Presently, all around us we are witnessing the effects of original sin. Our cities, state, nation and world are rife with sin and death, and it seems to be getting more pronounced, more visible and more pervasive. Way before COVID-19 reared its ugly head, the virus of sin spread like wildfire once Adam and Eve contracted it in the Garden of Eden. Ever since we've seen selfish, prideful choices wreak havoc in families, towns, and countries through the centuries. Wars come and go, and return to decimate populations. Lives are ripped apart by greed and a lust for power and prominence. Others suffer needlessly from oppressive activity, serving to further divide unnecessary social rifts and schisms. Broken families who only know dysfunction and pain continue to perpetuate the same and hatred. Vitriolic speech persists in both online and offline spaces, permeating the political, social, racial and economic landscape and damaging the lives and reputations of others made in the image of God. The sin of racism and bigotry grows, too. All the while, forgiveness and reconciliation seem to be lost arts as inhumane acts of violence wound, tear apart and destroy communities, both in our nation and around the world.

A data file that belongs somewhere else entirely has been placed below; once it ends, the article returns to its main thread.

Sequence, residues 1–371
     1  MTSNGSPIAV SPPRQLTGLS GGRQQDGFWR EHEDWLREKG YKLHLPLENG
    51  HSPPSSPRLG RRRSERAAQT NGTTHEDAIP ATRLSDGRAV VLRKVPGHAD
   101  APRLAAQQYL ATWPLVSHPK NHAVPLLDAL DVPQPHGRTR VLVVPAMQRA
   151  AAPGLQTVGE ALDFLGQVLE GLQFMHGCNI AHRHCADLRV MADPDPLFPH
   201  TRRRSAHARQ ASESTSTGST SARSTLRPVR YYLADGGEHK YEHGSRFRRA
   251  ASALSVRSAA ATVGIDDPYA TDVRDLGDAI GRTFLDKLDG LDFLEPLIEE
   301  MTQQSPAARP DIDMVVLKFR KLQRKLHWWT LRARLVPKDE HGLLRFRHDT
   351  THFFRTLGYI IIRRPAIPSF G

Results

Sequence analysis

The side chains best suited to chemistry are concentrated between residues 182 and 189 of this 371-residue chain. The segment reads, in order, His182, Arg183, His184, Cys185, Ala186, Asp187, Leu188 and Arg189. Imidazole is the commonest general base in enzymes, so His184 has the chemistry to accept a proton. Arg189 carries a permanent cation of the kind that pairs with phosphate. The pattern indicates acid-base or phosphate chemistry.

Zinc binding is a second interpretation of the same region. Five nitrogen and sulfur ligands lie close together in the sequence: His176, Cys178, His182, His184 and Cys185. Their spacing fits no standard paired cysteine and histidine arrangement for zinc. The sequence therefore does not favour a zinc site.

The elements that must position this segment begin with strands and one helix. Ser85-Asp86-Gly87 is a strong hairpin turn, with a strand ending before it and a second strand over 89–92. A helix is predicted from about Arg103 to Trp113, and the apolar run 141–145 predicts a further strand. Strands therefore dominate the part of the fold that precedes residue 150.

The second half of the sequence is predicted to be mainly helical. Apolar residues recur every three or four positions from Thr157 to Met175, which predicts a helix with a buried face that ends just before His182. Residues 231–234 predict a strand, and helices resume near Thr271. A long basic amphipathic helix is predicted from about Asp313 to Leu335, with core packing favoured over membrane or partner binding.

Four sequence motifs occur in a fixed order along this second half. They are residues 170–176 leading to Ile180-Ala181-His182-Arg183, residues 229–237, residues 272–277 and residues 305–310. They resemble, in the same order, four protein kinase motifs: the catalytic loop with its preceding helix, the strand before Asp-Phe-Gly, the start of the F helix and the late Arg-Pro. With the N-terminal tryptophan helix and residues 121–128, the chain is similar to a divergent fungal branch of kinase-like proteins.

Still today...Jesus weeps over sin. Jesus weeps over suffering. Jesus weeps over death.